The key word there is "arbitrary." I'll use Final Fantasy Tactics 1.3 as an example: everything in the Deep Dungeon is level 99, but the Deep Dungeon is optional. You can complete the game without ever grinding a single point of exp or JP. However, it is not uncommon to feel like in order to compete later on in the game, you need to poach items. Poaching is exactly that: a tedious, arbitrary, repetitive task that very few people find even remotely interesting.

    Brave New World (most mods that we host, really) does a very good job of this. If you fight every battle you get into, then you won't have to grind at all. If you run from battles, there's obviously going to come a point where you need to do a little grinding to keep pace.

    It's always good to see that a modder has put up safeguards to deter the brute force (beating a fight with levels, not strategy) approach to a given boss fight. as well. For example, I had a situation where a mod I was designing was going through one of its first betas, and a certain tester brute forced his way past the first boss. To curb that urge, I made the ability (that he was grinding for) do significantly less damage. You can also spin this another way, and make a boss counter a particular ability with an attack that almost wipes out your entire party.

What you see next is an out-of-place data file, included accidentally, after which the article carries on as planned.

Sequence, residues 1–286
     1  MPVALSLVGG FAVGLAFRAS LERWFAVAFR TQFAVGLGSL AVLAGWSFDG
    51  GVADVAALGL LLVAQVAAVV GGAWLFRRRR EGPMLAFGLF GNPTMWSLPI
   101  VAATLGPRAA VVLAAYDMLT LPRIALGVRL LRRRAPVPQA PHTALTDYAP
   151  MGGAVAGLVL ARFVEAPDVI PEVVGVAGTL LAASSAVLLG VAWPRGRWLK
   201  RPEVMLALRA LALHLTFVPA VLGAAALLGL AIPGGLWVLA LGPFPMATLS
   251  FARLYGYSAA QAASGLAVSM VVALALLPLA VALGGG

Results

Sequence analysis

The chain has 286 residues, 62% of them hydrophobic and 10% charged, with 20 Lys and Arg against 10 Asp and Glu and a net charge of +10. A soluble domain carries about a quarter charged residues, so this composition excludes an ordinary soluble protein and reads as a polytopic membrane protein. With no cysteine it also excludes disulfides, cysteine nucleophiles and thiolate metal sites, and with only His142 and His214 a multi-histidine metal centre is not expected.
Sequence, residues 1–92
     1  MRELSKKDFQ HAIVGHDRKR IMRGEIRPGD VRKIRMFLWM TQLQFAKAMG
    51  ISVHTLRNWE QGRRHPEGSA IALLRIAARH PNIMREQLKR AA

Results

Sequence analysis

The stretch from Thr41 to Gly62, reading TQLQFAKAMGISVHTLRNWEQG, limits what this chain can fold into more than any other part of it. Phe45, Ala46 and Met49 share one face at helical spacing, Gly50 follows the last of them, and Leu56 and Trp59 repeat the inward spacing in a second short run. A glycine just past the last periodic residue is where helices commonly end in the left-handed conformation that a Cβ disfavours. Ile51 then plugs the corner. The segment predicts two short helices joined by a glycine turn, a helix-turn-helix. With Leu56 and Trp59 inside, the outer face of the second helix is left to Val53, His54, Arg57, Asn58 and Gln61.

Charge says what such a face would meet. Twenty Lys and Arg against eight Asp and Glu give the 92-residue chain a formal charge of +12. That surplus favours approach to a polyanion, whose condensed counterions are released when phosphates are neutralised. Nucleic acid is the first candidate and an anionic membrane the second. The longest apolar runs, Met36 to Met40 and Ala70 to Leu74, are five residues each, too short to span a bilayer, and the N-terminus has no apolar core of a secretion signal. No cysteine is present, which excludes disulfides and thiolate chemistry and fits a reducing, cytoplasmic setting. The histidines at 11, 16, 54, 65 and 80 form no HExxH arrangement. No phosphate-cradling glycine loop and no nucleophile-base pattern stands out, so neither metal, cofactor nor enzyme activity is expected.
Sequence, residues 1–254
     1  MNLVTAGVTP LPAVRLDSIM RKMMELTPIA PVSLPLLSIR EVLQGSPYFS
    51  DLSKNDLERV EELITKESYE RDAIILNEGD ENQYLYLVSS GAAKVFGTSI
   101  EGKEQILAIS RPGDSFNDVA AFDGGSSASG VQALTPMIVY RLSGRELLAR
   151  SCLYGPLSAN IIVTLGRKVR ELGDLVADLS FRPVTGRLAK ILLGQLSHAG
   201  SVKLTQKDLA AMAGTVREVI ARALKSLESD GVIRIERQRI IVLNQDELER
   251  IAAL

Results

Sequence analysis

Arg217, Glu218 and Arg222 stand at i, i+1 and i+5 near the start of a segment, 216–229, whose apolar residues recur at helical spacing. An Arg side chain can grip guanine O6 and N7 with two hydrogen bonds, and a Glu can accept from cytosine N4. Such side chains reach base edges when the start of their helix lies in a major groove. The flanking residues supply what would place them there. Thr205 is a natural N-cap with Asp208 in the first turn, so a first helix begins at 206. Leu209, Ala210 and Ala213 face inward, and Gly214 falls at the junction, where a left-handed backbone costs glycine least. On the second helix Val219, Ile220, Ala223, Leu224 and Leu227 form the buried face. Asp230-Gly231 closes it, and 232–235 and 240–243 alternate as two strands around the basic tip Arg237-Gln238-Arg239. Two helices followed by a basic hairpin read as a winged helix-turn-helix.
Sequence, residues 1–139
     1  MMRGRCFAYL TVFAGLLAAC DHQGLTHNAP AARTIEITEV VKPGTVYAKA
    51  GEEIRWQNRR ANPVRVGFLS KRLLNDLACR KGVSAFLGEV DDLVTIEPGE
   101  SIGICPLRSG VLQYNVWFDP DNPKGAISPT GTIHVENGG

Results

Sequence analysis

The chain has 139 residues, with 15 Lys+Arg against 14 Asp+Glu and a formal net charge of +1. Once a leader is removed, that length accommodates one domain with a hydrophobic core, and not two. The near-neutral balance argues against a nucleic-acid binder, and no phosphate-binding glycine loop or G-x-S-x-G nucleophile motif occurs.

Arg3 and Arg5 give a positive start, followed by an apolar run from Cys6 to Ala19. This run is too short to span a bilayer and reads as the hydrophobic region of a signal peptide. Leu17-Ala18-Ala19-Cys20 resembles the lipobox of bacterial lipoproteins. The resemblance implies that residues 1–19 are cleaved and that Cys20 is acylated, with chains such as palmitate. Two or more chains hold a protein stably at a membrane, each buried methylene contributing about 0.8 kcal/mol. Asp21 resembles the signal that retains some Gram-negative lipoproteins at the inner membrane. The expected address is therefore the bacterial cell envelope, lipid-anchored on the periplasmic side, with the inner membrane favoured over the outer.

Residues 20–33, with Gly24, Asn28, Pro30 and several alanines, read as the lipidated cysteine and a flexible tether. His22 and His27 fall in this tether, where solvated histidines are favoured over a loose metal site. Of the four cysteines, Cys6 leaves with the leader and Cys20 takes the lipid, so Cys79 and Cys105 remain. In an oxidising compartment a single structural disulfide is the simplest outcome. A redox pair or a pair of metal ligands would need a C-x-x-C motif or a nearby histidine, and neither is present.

That said, you also don't want to create a situation where you're countering everything, because then it's just not fun anymore. You're just beating them into submission, which is bad, remember? Speaking on modders for a moment, there is also something to be said about how you, as a modder, try to balance around what the player may or may not do. It is a mistake to try and have complete control over what the player will do, because that stymies creativity and interesting mechanics.

    "The hand of the developer should be invisible and gentle, not gigantic and shoved up your ass." - BTB, Co-creator of Brave New World

    Technical Limitations

    Ah, technical limitations, the bane of a modder. Anyone who has ever modded something knows all too well what these roadblocks feel like. However, all is not lost; these roadblocks are expected. As a modder, you have to find a way to work around them, as we all do.

    Sometimes you work around them with mechanics, sometimes you cut to the root of the problem and change it with an Assembly hack, but regardless, you still have to get past it or your project is doomed.

    Do not be afraid to ask for help. That's what we're here for.

    Edited by Kyrios